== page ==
We're five days away from the Final Four. There is much to learn, or relearn, in that time. Now that you've finished with Myron's early primer (and if you aren't, what are you waiting for?), let's look at four big themes you should know about the teams involved, the road they took to get here and the weekend's event itself. We're calling this little mini-series Four for Four, which is not particularly clever but the best we can do on the Monday morning after an insane weekend. Check back throughout the day for each brief installment.
Now: Statistical perception vs. reality, or: Kentucky has the worst defense -- and the best offense -- in the Final Four.
All season long, thanks in large part to the sheer visual spectacle that is Anthony Davis' shot-blocking ability, the Wildcats have been lauded as a transformational defensive force. And make no mistake: They do defend. The Wildcats rank No. 11 in the nation in adjusted defensive efficiency, per Ken Pomeroy, and their defensive performance was among the best, or tied for the best, in their conference. Anytime you have Davis manning the middle, an all-court ball-stopper like Michael Kidd-Gilchrist on the wing, and a rebounding force like Terrence Jones in the mix, you're going to shut some teams down. No question.
But for all the plaudits, where Kentucky really excels is on offense. By now, frequent readers will be well aware of this fact; three weeks ago, ESPN Insider colleague and Basketball Prospectus scribe John Gasaway officially declared March "Kentucky's offense is better than its defense" month, thanks primarily to UK's remarkable per-possession efficiency margin in SEC play. The Wildcats scored 1.20 points per trip in their undefeated SEC run, a number that vastly eclipsed what even the best second-tier offenses (Florida, Vanderbilt et al) did in the league.
The tournament has only reinforced this fact. UK averaged a downright ridiculous 1.27 points per possession on its road to the Final Four, blitzing and overwhelming Western Kentucky, Iowa State, Indiana and Baylor by a combined margin of 55 points. But the Wildcats gave up their fair share of buckets, as well -- 1.07 points per trip, to be exact, and 1.11 if you exclude the No. 1/No. 16 WKU matchup.
Better yet, you didn't have to be a per-possession devotee (though you should be on general principle, but that's an argument for another time) to read the final Sweet 16 score line -- Kentucky 102, Indiana 90 -- and realize how the Wildcats won that game. Hint: It wasn't defense. It was an offense that Indiana couldn't dream of stopping, an offense that never slowed down, an offense that took every punch the Hoosiers had and relentlessly countered with points on the other end. (A 35-of-37 free throw mark helped, of course, even if 14 of those free throws came during the final stretch, when Indiana was forced to foul and hope for the best.)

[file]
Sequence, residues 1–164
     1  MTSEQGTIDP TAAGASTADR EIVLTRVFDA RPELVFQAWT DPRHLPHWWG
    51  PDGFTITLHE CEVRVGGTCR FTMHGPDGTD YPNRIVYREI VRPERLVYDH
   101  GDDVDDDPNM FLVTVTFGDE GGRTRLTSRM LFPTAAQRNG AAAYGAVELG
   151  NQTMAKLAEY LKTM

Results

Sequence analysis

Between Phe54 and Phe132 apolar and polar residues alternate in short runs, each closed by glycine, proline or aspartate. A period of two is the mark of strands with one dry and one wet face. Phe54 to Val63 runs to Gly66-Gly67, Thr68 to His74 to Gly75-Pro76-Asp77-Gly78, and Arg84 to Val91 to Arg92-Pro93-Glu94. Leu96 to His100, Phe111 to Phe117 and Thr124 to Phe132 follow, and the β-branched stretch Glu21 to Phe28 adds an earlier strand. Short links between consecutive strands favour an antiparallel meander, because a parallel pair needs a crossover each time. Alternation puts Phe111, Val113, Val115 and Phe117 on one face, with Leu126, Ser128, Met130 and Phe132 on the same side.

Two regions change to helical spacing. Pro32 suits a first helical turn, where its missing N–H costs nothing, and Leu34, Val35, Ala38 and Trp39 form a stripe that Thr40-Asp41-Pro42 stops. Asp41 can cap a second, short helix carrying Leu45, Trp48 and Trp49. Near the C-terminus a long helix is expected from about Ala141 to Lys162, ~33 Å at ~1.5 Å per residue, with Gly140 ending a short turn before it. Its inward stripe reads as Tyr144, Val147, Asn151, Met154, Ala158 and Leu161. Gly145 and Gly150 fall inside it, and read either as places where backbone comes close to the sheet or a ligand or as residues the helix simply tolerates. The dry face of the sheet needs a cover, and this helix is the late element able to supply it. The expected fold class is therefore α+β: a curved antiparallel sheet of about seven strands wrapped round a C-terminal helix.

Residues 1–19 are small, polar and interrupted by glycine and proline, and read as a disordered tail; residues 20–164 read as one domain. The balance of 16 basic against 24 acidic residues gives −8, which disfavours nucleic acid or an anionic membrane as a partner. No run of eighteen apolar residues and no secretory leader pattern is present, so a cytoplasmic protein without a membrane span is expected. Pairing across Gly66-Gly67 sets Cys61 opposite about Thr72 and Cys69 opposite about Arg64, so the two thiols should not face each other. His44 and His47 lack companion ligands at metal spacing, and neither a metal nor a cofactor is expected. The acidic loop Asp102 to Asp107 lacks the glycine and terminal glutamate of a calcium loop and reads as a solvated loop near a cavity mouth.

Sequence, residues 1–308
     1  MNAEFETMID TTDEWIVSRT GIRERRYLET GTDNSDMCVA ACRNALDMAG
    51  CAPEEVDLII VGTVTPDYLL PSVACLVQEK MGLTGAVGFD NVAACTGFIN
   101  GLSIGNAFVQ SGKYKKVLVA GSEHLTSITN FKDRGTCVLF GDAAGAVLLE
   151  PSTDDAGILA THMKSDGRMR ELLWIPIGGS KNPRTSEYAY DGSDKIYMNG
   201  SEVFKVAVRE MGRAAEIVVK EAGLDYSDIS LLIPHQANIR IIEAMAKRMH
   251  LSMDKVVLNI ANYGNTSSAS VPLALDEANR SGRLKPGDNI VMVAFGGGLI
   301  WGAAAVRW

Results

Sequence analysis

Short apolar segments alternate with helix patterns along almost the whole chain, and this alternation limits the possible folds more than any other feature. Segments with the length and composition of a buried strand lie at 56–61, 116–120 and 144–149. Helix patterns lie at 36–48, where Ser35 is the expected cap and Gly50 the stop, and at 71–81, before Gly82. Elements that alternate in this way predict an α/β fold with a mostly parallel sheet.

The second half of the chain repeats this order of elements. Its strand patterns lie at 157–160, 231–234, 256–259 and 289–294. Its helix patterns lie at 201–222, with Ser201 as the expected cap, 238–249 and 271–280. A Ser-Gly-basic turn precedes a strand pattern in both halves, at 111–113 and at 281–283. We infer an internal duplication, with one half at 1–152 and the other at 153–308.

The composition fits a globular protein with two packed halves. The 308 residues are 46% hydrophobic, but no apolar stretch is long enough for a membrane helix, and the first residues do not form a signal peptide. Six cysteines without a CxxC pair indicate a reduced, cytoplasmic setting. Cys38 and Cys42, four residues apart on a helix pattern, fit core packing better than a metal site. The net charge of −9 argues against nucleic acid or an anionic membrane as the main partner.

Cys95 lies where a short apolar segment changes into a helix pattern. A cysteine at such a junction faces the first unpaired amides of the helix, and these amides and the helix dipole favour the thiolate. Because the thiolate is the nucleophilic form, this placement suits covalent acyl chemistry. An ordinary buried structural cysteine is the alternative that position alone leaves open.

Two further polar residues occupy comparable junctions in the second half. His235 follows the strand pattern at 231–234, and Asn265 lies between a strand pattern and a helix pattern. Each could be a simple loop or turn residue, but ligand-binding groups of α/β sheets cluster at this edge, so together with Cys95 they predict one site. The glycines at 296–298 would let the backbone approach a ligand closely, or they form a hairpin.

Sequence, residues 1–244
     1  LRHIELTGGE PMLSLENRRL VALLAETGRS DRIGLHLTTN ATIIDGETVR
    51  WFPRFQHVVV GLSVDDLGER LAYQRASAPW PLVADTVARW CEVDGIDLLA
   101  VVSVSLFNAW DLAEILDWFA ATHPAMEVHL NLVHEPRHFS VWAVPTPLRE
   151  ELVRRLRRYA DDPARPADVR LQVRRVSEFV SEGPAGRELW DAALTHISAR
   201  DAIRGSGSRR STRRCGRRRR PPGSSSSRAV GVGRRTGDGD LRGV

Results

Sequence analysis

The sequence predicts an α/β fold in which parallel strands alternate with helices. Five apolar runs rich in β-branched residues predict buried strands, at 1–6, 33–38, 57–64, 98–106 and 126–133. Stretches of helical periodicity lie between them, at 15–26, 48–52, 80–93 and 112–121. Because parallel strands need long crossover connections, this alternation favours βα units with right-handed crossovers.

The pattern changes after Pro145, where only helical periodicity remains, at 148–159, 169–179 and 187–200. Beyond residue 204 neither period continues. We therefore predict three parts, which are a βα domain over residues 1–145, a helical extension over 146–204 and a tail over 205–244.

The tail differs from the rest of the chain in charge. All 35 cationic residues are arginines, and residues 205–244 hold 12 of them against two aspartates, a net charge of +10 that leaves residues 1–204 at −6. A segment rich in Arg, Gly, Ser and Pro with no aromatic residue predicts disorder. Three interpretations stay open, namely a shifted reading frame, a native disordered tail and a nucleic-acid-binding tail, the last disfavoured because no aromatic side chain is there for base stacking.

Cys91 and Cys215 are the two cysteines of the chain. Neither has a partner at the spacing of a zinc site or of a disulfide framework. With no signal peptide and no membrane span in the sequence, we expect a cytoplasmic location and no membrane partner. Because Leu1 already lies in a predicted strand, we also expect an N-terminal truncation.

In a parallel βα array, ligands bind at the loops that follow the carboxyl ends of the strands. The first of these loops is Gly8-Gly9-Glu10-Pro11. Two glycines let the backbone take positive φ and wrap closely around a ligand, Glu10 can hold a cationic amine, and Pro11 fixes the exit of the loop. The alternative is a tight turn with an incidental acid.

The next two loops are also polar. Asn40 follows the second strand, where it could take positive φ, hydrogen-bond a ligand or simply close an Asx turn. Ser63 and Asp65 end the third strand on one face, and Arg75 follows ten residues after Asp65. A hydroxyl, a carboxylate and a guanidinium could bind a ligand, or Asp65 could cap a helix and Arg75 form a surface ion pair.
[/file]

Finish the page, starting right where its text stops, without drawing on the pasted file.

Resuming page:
In other words, by now, there's no excuse to be ill-informed. Yes, Kentucky is a pretty good defensive team. A very good one, actually. But for all the love sent Davis' deserving way, and no matter how accustomed we've become to seeing Calipari teams place stifling defensive priorities above all, these Wildcats are at their best on the offensive end of the floor, where their coach has unleashed a coterie of weapons not seen in college hoops in years -- even decades.
As such, appreciate this team accordingly. Deal? Deal.
Meanwhile, elsewhere in the Final Four, the three teams that stand between Kentucky and a national title are all better than the Wildcats on the defensive end. It's true. Louisville ranks No. 1 in Pomeroy's defensive efficiency rankings. Ohio State ranks No. 2. Kansas ranks No. 4. The Cardinals and Jayhawks are similar in statistical makeup; they derive much of their defensive excellence from their ability to prevent quality shots in the first place. (Kentucky likewise belongs to this group.) The Buckeyes are slightly different: They're good at everything on the defensive end, but especially gifted, as the country's No. 2-ranked defensive rebounding team, at limiting opponents to singular scoring chances with little hope of extended possessions or quick putbacks.
This brilliance has extended, or (especially in Louisville's case) even heightened, in the tournament. The Buckeyes allowed just 0.97 points per trip on their way to New Orleans. Kansas allowed just 0.90. (Don't let Sunday's high-octane win over Carolina fool you. That game was played at a high-octane, 71-possession rate, but KU's defense stood up.) And, but for one 20-minute period against Florida, the Cardinals were lights-out, holding No. 1-seeded Michigan State to 0.73 points per trip and arriving at the Final Four with a 0.93 mark that would have been even better had Pitino switched out of his suddenly ineffective zone against mentee Billy Donovan even earlier.
As an average, these three teams allowed a combined 0.93 points per trip in the NCAA tournament. Whatever happens on Saturday, expect this: Everybody is going to guard.
Kentucky's path to a national title -- gilded as it rightfully seems, given how great this team has been -- will have to wind through two of the nation's top three (or four) defenses before it reaches its conclusion.